Refractive surgery is conducted by adjusting the focusing ability of the eye, which is done by reshaping of the cornea. Most people are freed from glasses after the surgery but some continue to need glasses, especially for night driving and reading. There are mainly two types of refractive surgeries which are:
Excimer laser surgeries
Artificial implantation of lens
LASIK is the most common refractive eye surgery and usually employs excimer laser. The laser is computer controlled and lets the surgeons remove the exact amount of tissue from the cornea. The precision allows a degree of predictability of the outcome in terms of vision. Excimer also makes LASIK extremely safe.
Techniques related to LASIK
There are other surgeries today, which are somewhat similar to LASIK surgery in Macomb, some of which are:
Wavefront-guided LASIK: The guide reveals the smallest distortion in focus, which is done through mapping of light passage through the eye. The main purpose of wavefront is to reduce problems that commonly occur after the surgery like light halos, problems with night vision and glare.
Photorefractive keratectomy (PRK): The surgery can correct astigmatism, nearsightedness, and farsightedness. PRK is most effective with nearsightedness. It involves the surgeon taking off the epithelium and using excimer to shape the cornea. Initial recovery from surgery can cause some discomfort. Full recovery of vision takes up to a few months sometimes. The slow healing is the reason why LASIK has largely replaced PRK but is still used in instances where cornea is felt to bee too thin for LASIK.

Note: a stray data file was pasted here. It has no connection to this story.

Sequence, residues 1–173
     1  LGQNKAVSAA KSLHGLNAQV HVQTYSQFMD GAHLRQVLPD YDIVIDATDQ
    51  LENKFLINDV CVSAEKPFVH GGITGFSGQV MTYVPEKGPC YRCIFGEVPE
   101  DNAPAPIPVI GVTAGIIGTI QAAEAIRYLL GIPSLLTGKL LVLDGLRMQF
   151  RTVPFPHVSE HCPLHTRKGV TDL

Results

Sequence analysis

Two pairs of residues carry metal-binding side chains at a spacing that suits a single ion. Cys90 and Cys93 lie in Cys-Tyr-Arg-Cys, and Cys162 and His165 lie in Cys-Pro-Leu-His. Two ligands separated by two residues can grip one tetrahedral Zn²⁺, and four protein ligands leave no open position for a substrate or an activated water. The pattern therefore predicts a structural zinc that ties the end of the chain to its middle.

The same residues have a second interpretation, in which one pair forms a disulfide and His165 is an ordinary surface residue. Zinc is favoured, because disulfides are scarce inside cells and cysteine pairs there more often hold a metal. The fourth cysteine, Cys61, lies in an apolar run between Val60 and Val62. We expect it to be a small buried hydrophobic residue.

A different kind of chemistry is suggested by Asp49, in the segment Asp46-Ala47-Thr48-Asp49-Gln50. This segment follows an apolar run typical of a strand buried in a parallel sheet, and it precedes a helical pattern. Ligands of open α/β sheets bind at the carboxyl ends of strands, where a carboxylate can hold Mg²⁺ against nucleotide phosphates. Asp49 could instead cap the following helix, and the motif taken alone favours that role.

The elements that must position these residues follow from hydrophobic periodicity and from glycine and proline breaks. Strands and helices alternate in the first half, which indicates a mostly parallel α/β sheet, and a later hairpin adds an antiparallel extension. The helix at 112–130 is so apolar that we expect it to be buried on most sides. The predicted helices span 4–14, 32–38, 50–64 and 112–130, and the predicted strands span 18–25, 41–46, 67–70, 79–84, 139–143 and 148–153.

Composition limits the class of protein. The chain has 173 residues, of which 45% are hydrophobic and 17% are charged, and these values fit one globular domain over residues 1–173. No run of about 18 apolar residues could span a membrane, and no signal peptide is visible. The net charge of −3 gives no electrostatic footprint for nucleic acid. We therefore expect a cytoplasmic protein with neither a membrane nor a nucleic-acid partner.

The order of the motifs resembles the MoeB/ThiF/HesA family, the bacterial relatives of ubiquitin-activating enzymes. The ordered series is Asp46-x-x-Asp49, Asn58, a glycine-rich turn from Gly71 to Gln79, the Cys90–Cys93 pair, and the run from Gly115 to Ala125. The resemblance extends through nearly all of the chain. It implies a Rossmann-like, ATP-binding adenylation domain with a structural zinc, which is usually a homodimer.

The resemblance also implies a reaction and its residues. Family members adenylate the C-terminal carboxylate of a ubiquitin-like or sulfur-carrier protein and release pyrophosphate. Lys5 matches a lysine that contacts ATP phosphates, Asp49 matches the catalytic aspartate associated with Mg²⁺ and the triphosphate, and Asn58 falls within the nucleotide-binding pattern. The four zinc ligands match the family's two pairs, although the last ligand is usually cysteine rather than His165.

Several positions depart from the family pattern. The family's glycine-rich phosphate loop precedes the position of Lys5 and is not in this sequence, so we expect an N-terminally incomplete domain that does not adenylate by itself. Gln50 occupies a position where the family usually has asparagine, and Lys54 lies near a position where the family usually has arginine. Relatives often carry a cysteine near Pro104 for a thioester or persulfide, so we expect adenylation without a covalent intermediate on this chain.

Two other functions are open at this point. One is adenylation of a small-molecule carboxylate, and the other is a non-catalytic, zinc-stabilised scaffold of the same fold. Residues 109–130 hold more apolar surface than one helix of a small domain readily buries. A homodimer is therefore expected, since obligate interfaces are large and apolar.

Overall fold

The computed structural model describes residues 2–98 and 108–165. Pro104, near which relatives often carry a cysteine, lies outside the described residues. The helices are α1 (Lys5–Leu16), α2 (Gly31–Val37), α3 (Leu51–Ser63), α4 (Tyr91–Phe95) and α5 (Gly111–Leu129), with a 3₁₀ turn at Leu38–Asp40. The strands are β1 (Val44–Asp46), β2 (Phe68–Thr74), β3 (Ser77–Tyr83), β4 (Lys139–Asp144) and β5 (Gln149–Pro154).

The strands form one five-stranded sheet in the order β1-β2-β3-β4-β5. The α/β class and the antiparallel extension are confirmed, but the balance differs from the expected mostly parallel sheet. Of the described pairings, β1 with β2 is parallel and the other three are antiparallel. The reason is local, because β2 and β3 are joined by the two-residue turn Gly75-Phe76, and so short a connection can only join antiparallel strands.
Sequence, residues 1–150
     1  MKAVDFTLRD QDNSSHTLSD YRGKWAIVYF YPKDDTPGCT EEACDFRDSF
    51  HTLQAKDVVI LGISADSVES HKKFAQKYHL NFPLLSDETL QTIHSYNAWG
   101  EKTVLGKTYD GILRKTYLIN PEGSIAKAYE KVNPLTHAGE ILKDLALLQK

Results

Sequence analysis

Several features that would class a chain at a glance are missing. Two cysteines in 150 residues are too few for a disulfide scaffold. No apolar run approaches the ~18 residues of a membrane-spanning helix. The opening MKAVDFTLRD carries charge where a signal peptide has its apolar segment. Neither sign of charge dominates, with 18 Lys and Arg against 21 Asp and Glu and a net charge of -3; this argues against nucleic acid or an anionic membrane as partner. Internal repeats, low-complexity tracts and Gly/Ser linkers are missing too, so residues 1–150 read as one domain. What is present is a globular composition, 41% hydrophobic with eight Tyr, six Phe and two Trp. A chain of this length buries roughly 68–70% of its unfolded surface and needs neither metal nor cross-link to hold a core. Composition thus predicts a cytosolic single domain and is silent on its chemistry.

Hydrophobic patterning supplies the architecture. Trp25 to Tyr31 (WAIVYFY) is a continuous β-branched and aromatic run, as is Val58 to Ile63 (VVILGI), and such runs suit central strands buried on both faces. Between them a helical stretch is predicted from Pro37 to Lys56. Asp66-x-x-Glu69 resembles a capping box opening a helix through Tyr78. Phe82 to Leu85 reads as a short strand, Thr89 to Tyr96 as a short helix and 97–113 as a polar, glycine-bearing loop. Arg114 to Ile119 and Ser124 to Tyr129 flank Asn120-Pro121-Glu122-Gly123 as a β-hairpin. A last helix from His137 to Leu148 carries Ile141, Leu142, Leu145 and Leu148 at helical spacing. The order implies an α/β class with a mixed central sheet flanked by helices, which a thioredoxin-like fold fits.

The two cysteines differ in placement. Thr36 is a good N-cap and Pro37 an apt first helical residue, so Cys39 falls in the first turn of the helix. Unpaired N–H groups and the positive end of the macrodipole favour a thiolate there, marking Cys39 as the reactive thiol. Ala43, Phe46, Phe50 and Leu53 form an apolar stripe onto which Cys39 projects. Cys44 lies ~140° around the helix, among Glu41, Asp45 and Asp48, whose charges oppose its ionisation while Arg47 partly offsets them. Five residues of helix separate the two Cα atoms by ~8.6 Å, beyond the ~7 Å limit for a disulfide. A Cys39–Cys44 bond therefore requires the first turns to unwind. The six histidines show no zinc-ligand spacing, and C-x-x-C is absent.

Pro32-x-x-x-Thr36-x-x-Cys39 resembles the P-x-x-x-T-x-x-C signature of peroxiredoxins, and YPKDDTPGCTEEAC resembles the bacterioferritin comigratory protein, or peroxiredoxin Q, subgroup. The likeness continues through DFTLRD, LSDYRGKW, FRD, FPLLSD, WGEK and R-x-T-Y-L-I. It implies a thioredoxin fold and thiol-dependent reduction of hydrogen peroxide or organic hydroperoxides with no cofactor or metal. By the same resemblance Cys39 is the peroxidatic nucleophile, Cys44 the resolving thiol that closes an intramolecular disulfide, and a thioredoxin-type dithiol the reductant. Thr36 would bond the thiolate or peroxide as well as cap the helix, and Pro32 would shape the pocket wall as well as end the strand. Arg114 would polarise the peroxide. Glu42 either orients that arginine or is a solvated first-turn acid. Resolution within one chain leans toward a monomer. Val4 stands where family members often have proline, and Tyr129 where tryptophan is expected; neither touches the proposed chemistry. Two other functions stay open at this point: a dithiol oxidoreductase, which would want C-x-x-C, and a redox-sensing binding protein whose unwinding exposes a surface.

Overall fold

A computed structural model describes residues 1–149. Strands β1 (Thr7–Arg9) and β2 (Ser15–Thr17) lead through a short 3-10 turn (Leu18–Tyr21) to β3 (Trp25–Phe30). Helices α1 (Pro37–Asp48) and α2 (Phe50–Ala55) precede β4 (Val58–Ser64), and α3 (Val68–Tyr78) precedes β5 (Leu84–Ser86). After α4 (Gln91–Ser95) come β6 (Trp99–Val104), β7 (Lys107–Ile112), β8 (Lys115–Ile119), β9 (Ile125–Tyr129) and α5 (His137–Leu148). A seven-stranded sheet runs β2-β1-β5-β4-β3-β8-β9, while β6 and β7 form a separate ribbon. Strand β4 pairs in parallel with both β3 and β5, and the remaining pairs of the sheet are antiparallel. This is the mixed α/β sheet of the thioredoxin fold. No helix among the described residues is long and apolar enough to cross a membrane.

Laser epithelial keratomileusis (LASEK) surgery: The surgery is similar to PRK. The main difference is the surgeon replaces the epithelium at the completion of the surgery. This is recommended for patients with thin cornea. The healing can be a bit painful.
Epi-LASIK: The surgery uses a special instrument called Epi-keratome used to form a corneal flap on the layers of the cells that cover cornea. Epi-LASIK is primarily used in people who are unable to tolerate LASIK surgery.
Intraocular lens (IOL) implants are also used in refractive surgeries, which can be phakic, toric, multifocal, accommodative, etc.
The determining factors
It is vital that the decision to undergo LASIK surgery is made after consulting a surgeon. The requirements, in general, include: Being 18 years or older, having healthy eyes, stable impaired vision (i.e., not needing prescription glass change for about the past 3 years) and having vision defects that are not beyond the scope of refractive surgery.